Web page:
This stipo, little Italian cabinet made of walnut and walnut burl, is a remarkable example of Mannerism applied to decorative arts during the late 16th century.
While the Mannerist movement was born and developed in Florence before becoming international, it is in Northern Italy that Mannerism fully bloomed during the late 16th and early 17th century.
Contrary to the rest of Italy where classical motifs are adopted very early on, Renaissance decorative elements persist very late all through the 17th century in the Northern regions.
It is in Liguria that this fashion appears the most clearly on furniture and especially in Genoa where appears a whole category of cabinets with richly carved decor of exuberant figures called bambocci. This specifically Genoan type of furniture draws inspiration from Tuscan Mannerism.
This Genoan cabinet is made of two superimposed bodies. The frame is ornated with small figures and fruit and flower garlands executed with virtuosity in a block of walnut wood then applied on each jamb. Inspired by bambocci those figures celebrate life and the deities of nature.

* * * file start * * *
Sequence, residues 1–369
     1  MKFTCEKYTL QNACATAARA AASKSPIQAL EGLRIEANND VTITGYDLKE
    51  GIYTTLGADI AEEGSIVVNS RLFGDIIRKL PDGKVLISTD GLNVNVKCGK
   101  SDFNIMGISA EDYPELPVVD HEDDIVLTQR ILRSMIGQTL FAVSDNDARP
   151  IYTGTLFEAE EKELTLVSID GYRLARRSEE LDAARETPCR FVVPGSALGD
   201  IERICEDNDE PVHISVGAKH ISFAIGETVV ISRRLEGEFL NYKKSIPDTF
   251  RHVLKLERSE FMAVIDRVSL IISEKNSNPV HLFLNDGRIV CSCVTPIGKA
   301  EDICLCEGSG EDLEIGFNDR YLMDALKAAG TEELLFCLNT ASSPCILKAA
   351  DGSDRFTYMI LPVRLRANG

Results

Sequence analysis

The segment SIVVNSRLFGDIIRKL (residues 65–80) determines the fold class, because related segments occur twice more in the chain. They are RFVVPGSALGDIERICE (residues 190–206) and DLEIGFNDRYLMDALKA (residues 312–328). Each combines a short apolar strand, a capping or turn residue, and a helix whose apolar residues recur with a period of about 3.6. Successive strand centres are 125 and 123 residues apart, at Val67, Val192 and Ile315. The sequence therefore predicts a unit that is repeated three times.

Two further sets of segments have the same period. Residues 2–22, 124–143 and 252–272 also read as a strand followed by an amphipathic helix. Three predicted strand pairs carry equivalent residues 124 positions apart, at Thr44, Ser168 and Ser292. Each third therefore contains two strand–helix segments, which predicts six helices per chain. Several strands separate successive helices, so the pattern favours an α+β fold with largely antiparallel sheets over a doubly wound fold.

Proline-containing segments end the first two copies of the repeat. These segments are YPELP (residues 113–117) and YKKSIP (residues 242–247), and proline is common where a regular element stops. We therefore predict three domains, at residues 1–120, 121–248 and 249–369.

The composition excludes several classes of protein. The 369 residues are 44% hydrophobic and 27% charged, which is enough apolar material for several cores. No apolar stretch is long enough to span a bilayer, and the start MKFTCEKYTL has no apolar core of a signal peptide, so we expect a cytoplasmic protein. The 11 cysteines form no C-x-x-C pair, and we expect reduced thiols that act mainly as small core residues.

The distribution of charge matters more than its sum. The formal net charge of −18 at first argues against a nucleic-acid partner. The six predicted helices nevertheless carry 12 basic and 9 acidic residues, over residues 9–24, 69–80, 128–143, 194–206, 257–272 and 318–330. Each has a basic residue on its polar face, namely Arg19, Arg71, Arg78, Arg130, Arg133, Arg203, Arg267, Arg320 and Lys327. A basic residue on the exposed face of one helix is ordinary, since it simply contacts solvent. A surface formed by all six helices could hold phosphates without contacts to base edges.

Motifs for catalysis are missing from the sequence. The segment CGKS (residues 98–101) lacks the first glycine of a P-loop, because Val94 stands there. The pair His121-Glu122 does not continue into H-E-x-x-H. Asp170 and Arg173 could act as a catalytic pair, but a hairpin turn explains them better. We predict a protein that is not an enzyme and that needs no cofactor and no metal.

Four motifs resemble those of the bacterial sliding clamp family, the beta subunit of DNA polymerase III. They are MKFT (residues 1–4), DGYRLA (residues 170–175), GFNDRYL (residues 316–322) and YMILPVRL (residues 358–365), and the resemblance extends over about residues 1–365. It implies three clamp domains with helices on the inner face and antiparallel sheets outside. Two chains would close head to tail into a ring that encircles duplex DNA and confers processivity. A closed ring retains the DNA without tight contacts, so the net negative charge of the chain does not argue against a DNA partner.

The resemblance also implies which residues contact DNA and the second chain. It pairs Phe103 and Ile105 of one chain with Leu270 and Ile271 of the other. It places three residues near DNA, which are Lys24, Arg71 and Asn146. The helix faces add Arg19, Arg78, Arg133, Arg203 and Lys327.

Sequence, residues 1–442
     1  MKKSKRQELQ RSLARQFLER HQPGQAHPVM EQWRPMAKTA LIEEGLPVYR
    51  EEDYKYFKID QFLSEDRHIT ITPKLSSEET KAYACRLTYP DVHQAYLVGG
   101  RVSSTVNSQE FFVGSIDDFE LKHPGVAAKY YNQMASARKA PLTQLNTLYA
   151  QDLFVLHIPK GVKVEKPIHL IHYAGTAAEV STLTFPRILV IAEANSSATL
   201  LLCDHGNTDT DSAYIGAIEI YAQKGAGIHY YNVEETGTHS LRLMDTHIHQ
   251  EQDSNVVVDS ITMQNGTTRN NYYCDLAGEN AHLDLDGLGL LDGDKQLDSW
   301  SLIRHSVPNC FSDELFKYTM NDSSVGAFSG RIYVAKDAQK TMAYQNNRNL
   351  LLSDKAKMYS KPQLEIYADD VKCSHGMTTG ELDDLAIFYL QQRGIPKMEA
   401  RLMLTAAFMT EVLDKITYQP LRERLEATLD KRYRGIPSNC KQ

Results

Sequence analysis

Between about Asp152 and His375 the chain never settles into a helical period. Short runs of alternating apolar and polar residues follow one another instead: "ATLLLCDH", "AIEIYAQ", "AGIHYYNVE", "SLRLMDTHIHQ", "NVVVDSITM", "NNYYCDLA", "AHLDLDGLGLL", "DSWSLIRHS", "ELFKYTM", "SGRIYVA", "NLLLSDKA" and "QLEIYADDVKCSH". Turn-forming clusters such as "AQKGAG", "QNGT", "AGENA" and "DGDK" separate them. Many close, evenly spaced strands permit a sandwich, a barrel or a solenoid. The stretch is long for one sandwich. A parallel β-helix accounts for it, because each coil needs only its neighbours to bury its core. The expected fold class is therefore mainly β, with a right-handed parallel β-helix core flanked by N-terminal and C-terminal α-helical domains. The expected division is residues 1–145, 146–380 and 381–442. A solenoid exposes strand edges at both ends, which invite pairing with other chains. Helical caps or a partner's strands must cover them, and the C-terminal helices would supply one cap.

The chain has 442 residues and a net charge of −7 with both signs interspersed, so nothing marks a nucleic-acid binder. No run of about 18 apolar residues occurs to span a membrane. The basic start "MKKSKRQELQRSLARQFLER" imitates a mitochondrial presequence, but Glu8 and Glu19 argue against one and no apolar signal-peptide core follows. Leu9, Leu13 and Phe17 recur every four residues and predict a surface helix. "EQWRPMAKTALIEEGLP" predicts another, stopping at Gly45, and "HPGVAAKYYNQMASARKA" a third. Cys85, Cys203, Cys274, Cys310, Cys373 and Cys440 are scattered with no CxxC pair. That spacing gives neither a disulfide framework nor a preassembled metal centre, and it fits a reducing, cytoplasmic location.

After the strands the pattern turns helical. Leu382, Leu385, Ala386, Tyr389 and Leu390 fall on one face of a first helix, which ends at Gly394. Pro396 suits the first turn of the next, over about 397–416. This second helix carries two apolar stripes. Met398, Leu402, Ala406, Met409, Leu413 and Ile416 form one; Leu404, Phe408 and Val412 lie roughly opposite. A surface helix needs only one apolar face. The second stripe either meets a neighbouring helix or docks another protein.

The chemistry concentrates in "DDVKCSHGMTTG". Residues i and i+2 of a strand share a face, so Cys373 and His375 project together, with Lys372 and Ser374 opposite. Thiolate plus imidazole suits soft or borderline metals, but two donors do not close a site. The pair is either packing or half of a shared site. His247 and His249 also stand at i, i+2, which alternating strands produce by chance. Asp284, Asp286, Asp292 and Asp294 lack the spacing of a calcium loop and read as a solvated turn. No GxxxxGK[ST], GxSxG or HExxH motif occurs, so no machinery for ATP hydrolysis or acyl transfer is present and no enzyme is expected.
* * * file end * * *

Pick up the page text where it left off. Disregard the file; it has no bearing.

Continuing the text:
The lower body stands on a moulded base supported by beautiful overlapping lion paws. It opens with two door-leaves. The finely moulded arches’ spandrels are garnished with foliage. On each side are carved small naked female figures covering themselves with their hands in an harmonious pose. They stand on angel heads and flower bouquets. In the angles rise two thin grooved columns.
The belt comprises two drawers flanked by atlant putti carved on top of modillions.
The upper body is framed by two admirable grooved columns identical to those on the lower body. The jambs are adorned with sheathed caryatids standing on angel heads and foliated scrolls.
In the centre is an admirable architectonic decor revealing an Antique portico with a triangular pediment. A draped woman holds in her hand a palm leaf. On both sides are located foor drawers as well as a door-leaf where a naked woman takes place in a niche.
The entablature is divided by three atlant putti topping the cabinet. The cabinet is finished by a dentil frieze.
On the lateral panels of the lower body moulded frames animate the surface while on the upper body they are adorned with an arcature, foliages granishing the spandrels. As on the facade the cornice is supported by putti.
Silvano Colombo, L’arte del mobile in Italia, Bramante Editrice, 1981
Augusto Pedrini, Il Mobilio gli ambienti e le Decorazioni del Rinascimento in Italia, Stringa Editore, 1969